The king of spoof movies first attempt was a grand slam.
Blazing Saddles starring Cleavon Little, Gene Wilder, Harvey Korman, Slim Pickens and Mel Brooks who of course also directed the spoof. Blazing Saddles makes fun of one of the biggest genres of film during the time it was made. Westerns were on their way out in the 70’s as the predominant type of film, and the genre was ripe for a spoof. Does the comedy still hold up to an audience today? Can kids or at least people of a latter generation appreciate the social commentary the movie provides? What age should kids be introduced to the language and story told in the film?
Blazing Saddles if released today would have gotten a PG-13 rating rather than an R, or maybe not with its use of one word in particular. The movie if made today probably wouldn’t have been able to use the word, but I think the way it is used in the film makes a point. Mel Brooks recently talked about writing the script and getting Richard Pryor’s opinion on its use. He asked Pryor if it was okay for him to say it, and Pryor’s response was you aren’t using it Mel, the bad guys are. Pryor has a credit for the screenplay on the film and was originally cast as the sheriff, but the Warner Brothers was wary of using him in the role. There is little other language to be concerned about in movie other than the word I’m being so cryptic about. I think the use of the word is a good conversation starter with older children about its history, and all the baggage behind it. When kids are introduced to the movie it should be discussed why people shouldn’t use the word, or at least why my particular skin pigment shouldn’t. I think Blazing Saddles uses it to great affect and uses it in a way to highlight why it shouldn’t be used. It is played for jokes in the film, but in a biting satirical way, to highlight how hurtful it can be. The scene with the old women using it and then apologizing is a fantastic example of how it is used well.
Little else in the movie garners a nod as problematic for children. The action and violence are not a factor for letting younger kids watch. The ending fight sequence does have fist fighting, but it is so over the top it is no worse than any Saturday morning cartoon, or at least Saturday morning cartoons from my childhood. I love the looney tunes gag Bart uses against the Mongrel, and it makes me laugh every time I watch the movie. At every turn Bart figures out a way to overcome his situation and make the best out of it. He beats the Mongrel not by strength but by smarts, and continually does this throughout the movie. He disproves many stereotypes along the way, or at least stereotypes during the time the movie was made.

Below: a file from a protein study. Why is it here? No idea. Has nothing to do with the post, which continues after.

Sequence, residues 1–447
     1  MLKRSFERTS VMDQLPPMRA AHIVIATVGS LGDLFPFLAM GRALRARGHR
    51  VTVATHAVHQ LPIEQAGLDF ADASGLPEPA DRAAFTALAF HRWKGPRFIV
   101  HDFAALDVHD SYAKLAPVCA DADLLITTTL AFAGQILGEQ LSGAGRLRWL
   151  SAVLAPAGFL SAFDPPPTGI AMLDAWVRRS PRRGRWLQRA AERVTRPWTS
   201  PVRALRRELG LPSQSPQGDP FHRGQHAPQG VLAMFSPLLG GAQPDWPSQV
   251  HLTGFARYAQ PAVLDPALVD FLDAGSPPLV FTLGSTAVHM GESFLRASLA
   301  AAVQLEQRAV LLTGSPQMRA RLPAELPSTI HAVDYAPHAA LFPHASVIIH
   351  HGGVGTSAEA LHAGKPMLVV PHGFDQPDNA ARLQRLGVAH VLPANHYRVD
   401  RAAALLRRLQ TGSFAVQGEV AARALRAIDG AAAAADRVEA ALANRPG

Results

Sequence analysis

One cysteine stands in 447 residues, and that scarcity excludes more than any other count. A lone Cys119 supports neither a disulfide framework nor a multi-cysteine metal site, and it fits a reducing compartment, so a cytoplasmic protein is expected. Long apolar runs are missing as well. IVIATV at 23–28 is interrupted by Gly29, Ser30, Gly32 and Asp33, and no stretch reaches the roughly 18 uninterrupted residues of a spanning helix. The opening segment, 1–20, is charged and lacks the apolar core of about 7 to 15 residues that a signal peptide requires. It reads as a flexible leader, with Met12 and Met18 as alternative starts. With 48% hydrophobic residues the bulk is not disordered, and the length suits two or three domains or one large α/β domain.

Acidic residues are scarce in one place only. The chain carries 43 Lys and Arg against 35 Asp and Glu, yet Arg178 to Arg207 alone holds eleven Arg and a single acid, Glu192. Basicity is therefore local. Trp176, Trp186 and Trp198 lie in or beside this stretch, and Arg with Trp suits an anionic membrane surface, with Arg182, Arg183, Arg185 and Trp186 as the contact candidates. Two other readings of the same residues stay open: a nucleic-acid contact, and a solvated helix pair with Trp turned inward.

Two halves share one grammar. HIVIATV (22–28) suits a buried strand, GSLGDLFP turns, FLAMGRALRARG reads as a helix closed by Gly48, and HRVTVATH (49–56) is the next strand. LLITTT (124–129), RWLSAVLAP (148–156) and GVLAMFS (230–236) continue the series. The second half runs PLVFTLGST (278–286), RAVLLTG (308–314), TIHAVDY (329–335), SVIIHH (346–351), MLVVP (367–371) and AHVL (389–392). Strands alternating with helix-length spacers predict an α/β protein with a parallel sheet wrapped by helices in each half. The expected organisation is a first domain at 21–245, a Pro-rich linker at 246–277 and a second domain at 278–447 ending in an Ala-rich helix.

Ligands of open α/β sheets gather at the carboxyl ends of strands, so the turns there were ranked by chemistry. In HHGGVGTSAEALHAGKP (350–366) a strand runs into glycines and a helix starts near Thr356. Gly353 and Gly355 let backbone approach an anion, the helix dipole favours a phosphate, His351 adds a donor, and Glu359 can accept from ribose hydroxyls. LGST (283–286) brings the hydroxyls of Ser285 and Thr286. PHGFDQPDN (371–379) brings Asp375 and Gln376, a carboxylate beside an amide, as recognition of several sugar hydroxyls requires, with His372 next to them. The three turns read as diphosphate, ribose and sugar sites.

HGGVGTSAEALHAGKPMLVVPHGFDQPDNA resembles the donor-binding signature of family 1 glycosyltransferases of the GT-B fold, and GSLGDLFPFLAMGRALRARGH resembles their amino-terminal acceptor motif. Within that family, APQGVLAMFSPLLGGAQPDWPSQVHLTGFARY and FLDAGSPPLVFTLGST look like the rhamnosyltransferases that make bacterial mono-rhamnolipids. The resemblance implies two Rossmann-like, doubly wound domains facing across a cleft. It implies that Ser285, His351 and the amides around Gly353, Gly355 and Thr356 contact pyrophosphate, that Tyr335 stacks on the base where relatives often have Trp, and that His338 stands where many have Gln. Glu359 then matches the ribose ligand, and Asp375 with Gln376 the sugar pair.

My biggest worry about introducing anyone to Blazing Saddles is them not understanding many of the jokes found in the film. The movie is a spoof on the Western Genre, and the entire story is a gag on the typical plot told in the classic Westerns of the fifties and sixties. Since Westerns are not a popular genre of film today many of the jokes poking fun at the clichés may fall flat on a modern audience. It might be worthwhile to introduce kids to other classic Western films, and then have them see Blazing Saddles to get more of the jokes. It could be a barrier for enjoyment for people who have not watched many Westerns. I do still think there is enough in the movie to be enjoyed by all. People of any age can laugh at the iconic campfire scene.
What shouldn’t be lost on any generation, and is still prevalent today, is the commentary the film has on social issues. I don’t want to get political, but I’ll simply say the country has come a long way even since this film was made with racial issues. To deny this is to deny facts. We have an African American president and many things have improved with racial issues since the 70’s. On the flip side to say there aren’t still prevailing problems which need to be addressed is also to deny facts. This is one reason why this film should still be watched. The biting social commentary the movie pokes fun at should be examined. Even when this film was made it would have been odd to see a black sheriff in some communities. It probably would even be odd in a few still today. This is the one aspect of the movie which holds up and will continue to hold up. Hopefully though this social commentary will eventually be lost on later generations and have to be explained and researched to be understood.
With all of this being said, I think kids should be introduced to Blazing Saddles at an older age to fully grasp everything going on in the film. An older audience is needed to properly understand its historical context, and apply it to current events. Yes it is a silly western spoof, but the film does have things to say. The fact that many of the western jokes may be lost on a current audience is one reason I think older kids or people in general will get more out of the film. I think a person could be introduced Blazing Saddles anywhere from 13-16 years old depending on the kid. A fan of history or a fan of the Western genre may have more fun with the movie before others would. I love this movie, and it gets better with every viewing. The performances are great and I’m excited to eventually introduce my boys to the movie.